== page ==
"Perceptual psychologist J.J Gibson coined the term affordance to refer to the particular arrangement of objects in the environment and to estimate the actions allowed by an object.... Affordances do not have to be visible. known or even desirable to affect behaviour." (Christiansem & Townsend, 2004, p. 255)
In Participation in Occupation ll, we have been looking at seven different area of affordance.
These areas are -Communication
-Links with movement and history
In this post, I am going to focus on communication as it is a very large area of affordance and in my next post, I will touch on the other six areas.
There are many different types of relationships and because of this, many different ways of communication. Within the choir, I have different types of communication with people depending on the situation and person.
The communication from the choirmaster is predominantly one-way, from her to me (and the rest of the choir, the soloist, and the band). She directs everyone, it is her role to bring all the parts together and make us work as one. As we are learning a new song, her communication varies between verbal and non-verbal, however during a performance her communication is non-verbal. She will use a selection of gestures, to communicate how the performance is to be carried out.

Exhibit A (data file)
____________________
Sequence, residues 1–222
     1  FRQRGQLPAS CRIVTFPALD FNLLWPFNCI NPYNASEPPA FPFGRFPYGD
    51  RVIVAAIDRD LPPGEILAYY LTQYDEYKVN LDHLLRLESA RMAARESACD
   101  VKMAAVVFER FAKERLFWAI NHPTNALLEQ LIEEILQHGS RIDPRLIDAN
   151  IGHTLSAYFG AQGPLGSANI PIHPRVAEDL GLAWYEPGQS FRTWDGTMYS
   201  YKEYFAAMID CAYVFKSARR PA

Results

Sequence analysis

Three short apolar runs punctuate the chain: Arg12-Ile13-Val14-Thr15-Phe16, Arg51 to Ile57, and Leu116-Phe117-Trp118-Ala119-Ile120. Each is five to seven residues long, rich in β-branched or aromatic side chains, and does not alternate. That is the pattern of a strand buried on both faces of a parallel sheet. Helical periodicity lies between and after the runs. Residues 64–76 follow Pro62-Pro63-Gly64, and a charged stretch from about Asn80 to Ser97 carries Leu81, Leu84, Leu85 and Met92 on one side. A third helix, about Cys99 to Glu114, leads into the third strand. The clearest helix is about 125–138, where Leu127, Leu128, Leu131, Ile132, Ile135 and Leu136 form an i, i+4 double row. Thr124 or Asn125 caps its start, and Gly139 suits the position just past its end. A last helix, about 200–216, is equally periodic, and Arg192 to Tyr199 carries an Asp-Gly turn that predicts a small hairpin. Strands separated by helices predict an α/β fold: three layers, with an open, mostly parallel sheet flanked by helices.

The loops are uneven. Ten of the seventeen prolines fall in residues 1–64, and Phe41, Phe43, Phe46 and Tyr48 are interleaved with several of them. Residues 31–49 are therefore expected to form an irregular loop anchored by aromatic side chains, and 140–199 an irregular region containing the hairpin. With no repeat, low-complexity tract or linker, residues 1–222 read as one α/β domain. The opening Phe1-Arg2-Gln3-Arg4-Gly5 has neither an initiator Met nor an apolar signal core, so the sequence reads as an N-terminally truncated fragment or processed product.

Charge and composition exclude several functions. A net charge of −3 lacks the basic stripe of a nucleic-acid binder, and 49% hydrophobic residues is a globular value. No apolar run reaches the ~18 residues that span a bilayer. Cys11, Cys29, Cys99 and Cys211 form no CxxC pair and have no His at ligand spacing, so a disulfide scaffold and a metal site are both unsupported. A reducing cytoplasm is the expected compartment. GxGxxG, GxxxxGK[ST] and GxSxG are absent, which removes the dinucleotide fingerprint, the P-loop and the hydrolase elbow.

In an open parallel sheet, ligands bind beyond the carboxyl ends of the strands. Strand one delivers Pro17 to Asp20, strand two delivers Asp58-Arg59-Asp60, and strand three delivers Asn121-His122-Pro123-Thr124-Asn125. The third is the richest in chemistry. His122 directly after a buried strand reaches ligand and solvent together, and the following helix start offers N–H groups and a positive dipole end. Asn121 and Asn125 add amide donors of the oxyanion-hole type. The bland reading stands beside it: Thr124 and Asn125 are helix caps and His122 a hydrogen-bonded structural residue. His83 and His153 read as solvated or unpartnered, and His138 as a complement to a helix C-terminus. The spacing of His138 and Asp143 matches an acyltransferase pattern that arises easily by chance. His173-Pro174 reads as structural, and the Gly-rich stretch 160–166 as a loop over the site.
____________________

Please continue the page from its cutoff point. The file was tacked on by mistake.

Another type of communication is between other choir members and me. Before and after practice and during breaks I’ll will talk with many different members, catching up on how there weeks have been and what’s going on with them. During practice, there is limited verbal communication as it would detract from the practice and distract other members. As Anna-Maree and I both know the alphabet in New Zealand sign language, we will often sign to each as other sections are learning there parts. This is a slow, but effective way of communicating.
When we perform, there is one sided communication between the audience and me. Through the songs I sing with the choir, we tell a story about our faith and our God to those listening.
Cont. on next blog
Christiansen, C. H., & Townsend, E. A. (2004). Introduction to occupation; the art and science of living (2 ed.). New Jersey, United States of America: Pearson Education, Inc.